Voltaren cream vs gel

What Is Voltaren?

Let's first define what Voltaren is. Voltaren is a medication containing diclofenac, an NSAID (nonsteroidal anti-inflammatory drug), and it is a non-inflamatory. Diclofenac is used commonly for inflammatory joint disease, such as rheumatoid and osteoarthritis.1 NSAIDs reduce substances in the body that cause pain and inflammation. 2 Diclofenac is classified as a COX-2 inhibitor, which specifically targets an enzyme involved in pain.
There are side effects to taking NSAIDs orally, so topical preparations have been developed for site-specific application that delivers more of the medicine to an affected area while decreasing absorption into the rest of the body. It is more of a surgical strike of sorts.

With this strategy, the pharmaceutical industries are constantly trying to improve absorption, while increasing pain relief and decreasing the chances of side effects from systemic absorption.

 

What is Voltaren used for?

Diclofenac, the active ingredient in Voltaren, comes as a pill, but the topical preparations are very popular for the above cited reasons relating to inflammation. Topical preparations refer to creams and gels. So topical Voltaren, otherwise called Voltaren Gel or Voltaren Cream, is used by applying it to the affected areas with a frequency and amount of application as directed by a doctor.3 Different concentrations are used for different diagnoses, and different preparations are designed for immediate vs. long-lasting benefits.

Voltaren is not for long-term use, as there are still concerns about systemic absorption. Because some of the diclofenac will get into the system, just as there are warnings about diclofenac in the oral route of administration, a patient using a topical preparation needs to be aware so that side effects can be reported promptly.

 

Still confused about what are Voltaren Gel and Cream are?

Any listing of the available forms of Voltaren has to untangle the terms—sometimes used synonymously—among cream, gel, lotion, and ointment. Such preparations are mixed with an oil to make a balance between viscosity (thickness) and ease of spreading on the skin.

Ointment is the most oil-heavy, with an 80/20 oil:water ratio; a cream is 50/50; a lotion has even less oil. Voltaren comes as either a gel, patch, or the “Emulgel” preparation. In other words, if you are wondering what Voltaren Cream is? Well, the cream is similar to Voltaren gel, the main difference being the cream is thicker than the gel, and the opposite can be said about the gel. Voltaren gel is similar to Voltaren cream, but not as thick of a solution.

  • Cream—with Voltaren, the cream is used the same as with the gel.

 

  • Gel—the 1% skin gel is used for arthritis, while the 3% formulation is used for actinic keratosis.

 Besides, the gel or cream forms of Voltaren, there is also another solution called Emulgel and a patch. 

  • Emulgel4—this is diclofenac specifically compounded with DMSO (dimethyl sulfoxide), in a combination of a gel and a cream. The DMSO enhances penetration of the diclofenac (active ingredient) through the skin and—as is different from the gel/cream—can get into the synovial fluid of joints better. This give greater relief.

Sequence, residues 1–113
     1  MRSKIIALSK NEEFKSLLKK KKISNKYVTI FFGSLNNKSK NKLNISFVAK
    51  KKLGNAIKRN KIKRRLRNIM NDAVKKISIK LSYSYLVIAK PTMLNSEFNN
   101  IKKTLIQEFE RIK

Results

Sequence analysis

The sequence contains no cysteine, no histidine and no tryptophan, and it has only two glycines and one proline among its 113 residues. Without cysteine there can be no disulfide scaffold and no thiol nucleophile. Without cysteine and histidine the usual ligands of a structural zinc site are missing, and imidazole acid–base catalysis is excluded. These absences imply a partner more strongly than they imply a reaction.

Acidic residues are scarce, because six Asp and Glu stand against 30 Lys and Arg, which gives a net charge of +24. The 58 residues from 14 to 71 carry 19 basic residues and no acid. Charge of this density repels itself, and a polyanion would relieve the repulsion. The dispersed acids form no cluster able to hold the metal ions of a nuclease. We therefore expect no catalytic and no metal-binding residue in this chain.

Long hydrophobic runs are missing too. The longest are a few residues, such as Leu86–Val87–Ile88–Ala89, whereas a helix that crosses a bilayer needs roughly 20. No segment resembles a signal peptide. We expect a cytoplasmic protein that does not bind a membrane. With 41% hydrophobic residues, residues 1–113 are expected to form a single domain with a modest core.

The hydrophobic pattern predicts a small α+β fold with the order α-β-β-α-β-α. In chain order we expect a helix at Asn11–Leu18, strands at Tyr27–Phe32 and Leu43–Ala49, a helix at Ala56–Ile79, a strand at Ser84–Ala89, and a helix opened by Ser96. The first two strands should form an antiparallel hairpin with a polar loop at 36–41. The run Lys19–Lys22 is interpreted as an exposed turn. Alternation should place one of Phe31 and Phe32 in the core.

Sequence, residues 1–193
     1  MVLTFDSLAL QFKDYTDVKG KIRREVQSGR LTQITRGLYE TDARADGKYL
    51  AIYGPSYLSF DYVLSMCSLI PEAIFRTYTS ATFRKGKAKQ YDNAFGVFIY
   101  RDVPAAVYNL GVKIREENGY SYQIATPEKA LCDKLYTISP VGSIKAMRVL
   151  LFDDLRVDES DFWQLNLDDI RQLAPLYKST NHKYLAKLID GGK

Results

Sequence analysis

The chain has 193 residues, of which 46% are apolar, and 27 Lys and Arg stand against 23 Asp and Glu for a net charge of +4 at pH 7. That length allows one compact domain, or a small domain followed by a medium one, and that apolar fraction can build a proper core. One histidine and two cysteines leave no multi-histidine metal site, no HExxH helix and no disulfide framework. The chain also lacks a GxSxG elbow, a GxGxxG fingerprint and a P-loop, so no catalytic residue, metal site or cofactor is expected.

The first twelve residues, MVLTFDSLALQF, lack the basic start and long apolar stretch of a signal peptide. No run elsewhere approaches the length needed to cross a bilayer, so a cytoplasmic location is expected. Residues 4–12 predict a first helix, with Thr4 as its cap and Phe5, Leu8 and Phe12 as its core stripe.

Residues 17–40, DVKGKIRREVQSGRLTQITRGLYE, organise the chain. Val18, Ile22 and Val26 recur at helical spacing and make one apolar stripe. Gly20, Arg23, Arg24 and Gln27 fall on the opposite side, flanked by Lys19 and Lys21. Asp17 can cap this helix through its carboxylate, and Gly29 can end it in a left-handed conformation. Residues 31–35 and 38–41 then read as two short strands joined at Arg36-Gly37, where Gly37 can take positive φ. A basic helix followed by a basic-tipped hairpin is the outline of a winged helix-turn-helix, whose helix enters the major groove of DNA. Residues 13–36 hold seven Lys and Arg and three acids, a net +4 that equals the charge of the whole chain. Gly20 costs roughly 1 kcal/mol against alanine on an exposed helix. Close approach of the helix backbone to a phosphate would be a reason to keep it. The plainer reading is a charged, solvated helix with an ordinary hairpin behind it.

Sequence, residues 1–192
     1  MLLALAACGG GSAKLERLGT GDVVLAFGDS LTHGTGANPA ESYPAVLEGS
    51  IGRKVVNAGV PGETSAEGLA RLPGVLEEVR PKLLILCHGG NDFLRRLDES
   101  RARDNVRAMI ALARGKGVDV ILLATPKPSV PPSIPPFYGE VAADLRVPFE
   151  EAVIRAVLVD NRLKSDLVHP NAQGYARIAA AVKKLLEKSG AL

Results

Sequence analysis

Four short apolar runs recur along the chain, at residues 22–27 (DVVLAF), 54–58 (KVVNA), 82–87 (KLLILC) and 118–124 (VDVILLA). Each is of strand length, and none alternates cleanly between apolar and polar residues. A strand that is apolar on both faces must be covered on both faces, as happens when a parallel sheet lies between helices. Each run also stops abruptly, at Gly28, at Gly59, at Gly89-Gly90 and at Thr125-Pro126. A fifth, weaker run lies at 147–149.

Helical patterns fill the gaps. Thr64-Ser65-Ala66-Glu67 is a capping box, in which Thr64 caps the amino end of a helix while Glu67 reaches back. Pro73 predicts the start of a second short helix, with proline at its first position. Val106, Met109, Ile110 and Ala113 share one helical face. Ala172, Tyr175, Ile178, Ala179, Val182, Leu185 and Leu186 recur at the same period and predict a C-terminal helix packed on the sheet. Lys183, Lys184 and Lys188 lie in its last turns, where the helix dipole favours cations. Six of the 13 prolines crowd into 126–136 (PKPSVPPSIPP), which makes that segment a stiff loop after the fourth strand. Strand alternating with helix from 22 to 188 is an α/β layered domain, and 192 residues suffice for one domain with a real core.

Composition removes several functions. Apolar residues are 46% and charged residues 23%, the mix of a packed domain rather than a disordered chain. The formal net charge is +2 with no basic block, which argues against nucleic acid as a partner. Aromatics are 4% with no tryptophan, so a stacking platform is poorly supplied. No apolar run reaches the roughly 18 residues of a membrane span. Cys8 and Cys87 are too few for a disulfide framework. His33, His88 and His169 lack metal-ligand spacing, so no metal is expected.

Emugel Original—1.16% diclofenac

Extra Strength—2.32% diclofenac

 

  • Patch—uses diclofenac epolamine instead of the sodium preparation. This is a different type of type of salt that has enhanced penetration of the skin.5

 

What are the most common side effects of  Voltaren Gel and Voltaren Cream?6

Since the topical preparation includes an agent to transfer the diclofenac through the skin into the tissues, the same side effects seen with the oral ingestion of Voltaren can occur, although at significantly reduced risk. Nevertheless, these include:

  • Indigestion
  • Diarrhea, constipation
  • Headache, dizziness, drowsiness
  • Stuffy nose
  • Itching, sweating
  • Increase in blood pressure
  • Skin reactions at applications site

 

Who shouldn’t use Voltaren?

People should not use a COX-2 inhibitor or other NSAIDs with certain other medical conditions or who are taking certain medications.7 People on blood thinners, such as warfarin (Coumadin) or even aspirin, or on any other NDAIDs should not use it for fear of enhancing the blood clotting changes. People who abuse alcohol should not use it, as there is a risk of doubling the risk of stomach bleeding and kidney damage.

About 10% of asthmatics have aspirin-sensitive asthma, which poses considerable danger with any NSAIDSs,8 including the diclofenac in topical Voltaren.

Voltaren prices comparison

When it comes to price, their cost is not far off from each other. Maybe a couple of dollars. Here are some prices as per YouDrugstore.com today. Prices do change over time, so take these with a grain of salt.


Voltaren Emulgel Extra Strength: $27.99  > See current price
Voltaren Emulgel Joint Pain: $27.03 > See current price
Voltaren Emulgel Original: $33.12 > See current price
Voltaren Ophthalmic: $24.57 > See current price

 

Which is better—the gel or the Emulgel?

Studies9,10,11 have consistently shown the Emulgel is superior, delivering better relief of pain. This is due to the enhanced penetration of the skin. The Emulgen is described by the manufacturer as a combination of cream and gel which uses the DMSO to carry the medication through the skin for better effectiveness. The difference in relief can be significant between the Emulgel and the other topical approaches.

 

Until newer designs in drug delivery come along, for Voltaren, it is clear that the Emulgel is the better choice.

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